We all know that Sunday is a day of rest, so why is it that the Church insists we move around so much during mass? Kneel, sit, stand, sit, stand, sit, stand, sit, stand, kneel, stand, kneel, walk, kneel, sit, stand. Try saying that one ten times fast. The meaning behind the movements of the mass, or Catholic Aerobics, are often lost or forgotten among the other parts of the mass. So why do we go through these movements and what do they mean? I’ll admit that I knew very little about why mass involved so much movement, so I created a cheat sheet on certain aspects of mass for us to reflect upon the next time we go:
Standing: The times in which we stand during Mass are the times in which we are showing respect to either the Priest or the Word of God (during the Gospel). Just as we stand when we are introduced to a person, we stand when the priest enters to show respect. We also stand during the Gospel and Profession of Faith to show reverence and emphasize the words which we are hearing or professing.
Sitting: We sit primarily during the first and second reading and the responsorial psalms. This set-up, with us sitting and the reader standing, imitates a classroom with us as learners. During the Liturgy of the Word, we are the students, learning from the readings and from the lesson proclaimed through the homily.
Kneeling: We kneel during the sacrifice of the mass, standing only for the Our Father and Sign of Peace. We kneel during this time because we are witnessing the Eucharistic Consecration, kneeling symbolizes our reverence and respect for the sacrifice of Jesus and his physical presence. The act of kneeling links back to the beginning of the Church through Peter as he “knelt down and prayed” in Acts 9:40.*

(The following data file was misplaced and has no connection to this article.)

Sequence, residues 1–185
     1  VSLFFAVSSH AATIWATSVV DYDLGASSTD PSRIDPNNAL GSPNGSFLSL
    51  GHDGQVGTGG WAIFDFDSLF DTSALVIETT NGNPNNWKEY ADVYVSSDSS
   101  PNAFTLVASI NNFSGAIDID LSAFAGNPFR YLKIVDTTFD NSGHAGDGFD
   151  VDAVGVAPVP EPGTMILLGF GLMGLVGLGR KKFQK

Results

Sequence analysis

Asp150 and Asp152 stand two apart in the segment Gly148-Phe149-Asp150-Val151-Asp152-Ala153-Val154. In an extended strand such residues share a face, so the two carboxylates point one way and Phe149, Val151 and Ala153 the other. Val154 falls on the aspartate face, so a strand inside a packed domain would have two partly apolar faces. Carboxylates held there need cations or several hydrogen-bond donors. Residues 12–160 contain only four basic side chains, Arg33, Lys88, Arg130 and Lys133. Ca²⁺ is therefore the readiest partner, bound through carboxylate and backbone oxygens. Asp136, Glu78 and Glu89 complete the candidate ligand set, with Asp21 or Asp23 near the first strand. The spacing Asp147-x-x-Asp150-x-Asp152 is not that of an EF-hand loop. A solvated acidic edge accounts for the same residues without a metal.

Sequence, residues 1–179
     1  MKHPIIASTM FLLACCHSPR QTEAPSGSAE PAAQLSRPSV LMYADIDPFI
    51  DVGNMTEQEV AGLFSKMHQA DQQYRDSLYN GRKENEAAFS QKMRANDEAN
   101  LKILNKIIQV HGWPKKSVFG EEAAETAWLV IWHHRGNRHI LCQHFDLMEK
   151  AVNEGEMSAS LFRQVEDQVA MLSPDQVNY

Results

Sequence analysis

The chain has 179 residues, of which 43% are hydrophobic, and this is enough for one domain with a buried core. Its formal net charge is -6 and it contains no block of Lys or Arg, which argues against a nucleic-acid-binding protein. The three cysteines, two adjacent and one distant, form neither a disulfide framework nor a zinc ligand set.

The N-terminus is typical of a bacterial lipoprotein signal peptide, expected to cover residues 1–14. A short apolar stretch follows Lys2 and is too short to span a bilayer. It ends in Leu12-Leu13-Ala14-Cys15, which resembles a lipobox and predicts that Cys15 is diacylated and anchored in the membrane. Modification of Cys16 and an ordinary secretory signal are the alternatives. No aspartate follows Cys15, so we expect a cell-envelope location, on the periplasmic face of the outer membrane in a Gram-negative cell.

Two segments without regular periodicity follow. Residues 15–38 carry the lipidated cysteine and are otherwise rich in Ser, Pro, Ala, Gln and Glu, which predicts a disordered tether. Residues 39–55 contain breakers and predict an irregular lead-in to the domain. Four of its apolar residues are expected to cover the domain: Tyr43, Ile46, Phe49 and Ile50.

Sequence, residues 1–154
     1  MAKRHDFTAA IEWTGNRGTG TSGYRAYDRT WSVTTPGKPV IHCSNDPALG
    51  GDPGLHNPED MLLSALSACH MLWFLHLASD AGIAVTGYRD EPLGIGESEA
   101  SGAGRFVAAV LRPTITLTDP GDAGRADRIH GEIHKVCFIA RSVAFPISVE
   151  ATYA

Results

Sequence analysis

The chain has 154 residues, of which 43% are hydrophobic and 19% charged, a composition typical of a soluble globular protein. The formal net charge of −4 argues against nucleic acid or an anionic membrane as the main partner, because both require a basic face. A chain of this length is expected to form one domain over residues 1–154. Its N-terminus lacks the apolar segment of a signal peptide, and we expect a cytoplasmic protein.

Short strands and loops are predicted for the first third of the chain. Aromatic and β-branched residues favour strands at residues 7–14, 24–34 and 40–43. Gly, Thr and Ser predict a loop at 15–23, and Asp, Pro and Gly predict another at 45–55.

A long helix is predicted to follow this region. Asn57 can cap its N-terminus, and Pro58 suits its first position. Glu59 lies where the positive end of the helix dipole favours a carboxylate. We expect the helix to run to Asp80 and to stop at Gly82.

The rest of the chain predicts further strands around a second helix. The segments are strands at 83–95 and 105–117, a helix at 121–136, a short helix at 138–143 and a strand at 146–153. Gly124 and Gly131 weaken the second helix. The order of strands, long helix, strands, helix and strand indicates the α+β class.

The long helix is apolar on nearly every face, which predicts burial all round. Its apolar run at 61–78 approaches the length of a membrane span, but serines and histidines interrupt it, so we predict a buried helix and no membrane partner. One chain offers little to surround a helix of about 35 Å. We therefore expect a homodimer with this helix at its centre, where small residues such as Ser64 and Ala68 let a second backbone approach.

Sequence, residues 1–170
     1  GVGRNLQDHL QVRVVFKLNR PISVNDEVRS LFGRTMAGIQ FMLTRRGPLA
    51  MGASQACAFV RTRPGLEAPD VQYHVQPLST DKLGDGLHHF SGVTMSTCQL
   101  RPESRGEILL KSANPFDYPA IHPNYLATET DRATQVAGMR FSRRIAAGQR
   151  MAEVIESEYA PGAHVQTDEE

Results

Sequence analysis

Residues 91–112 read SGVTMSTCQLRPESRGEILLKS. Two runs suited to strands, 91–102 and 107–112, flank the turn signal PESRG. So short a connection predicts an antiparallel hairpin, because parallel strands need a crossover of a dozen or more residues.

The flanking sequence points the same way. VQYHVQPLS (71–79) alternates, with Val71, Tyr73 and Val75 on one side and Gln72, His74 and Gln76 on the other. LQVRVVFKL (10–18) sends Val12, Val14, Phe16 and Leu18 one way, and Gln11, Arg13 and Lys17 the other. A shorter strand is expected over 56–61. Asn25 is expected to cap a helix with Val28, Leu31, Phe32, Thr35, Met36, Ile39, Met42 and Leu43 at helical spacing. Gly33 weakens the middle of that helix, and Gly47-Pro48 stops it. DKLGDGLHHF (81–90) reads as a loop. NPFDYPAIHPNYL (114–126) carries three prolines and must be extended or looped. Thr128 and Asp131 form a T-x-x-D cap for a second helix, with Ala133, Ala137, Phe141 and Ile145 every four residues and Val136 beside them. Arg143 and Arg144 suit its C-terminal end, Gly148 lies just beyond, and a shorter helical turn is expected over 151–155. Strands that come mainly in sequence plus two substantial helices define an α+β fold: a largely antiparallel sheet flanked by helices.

Other aspects of the Mass that every Catholic ought to know:
Genuflecting: We genuflect when we enter or exit the pew to show reverence to the physical presence of Jesus in the tabernacle.
Transubstantiation: That hard word that we had to memorize how to spell in the 4th grade if we went to Catholic middle school and were too busy spelling to remember the meaning. Transubstantiation occurs during the consecration when the bread and wine are transformed into the true Body and Blood of Jesus. The second time that the bells are rung during the consecration alerts us that the fact that transubstantiation has just occurred.
Of course they are many more aspects of the Mass that have not been covered in this blog. If there is an aspect of the Mass you're confused about or have just learned about and would like to share, please comment below and we can continue learning!
*According to The General Instruction on the Roman Missal #43 (U.S. Version), “In the dioceses of the U.S.A., they should kneel beginning after the singing or recitation of the Sanctus until after the Amen of the Eucharistic Prayer, except when prevented on occasion by reasons of health, lack of space, the large number of people present, or some other good reason.” Perhaps this is something that we ought to look into at our dorm masses!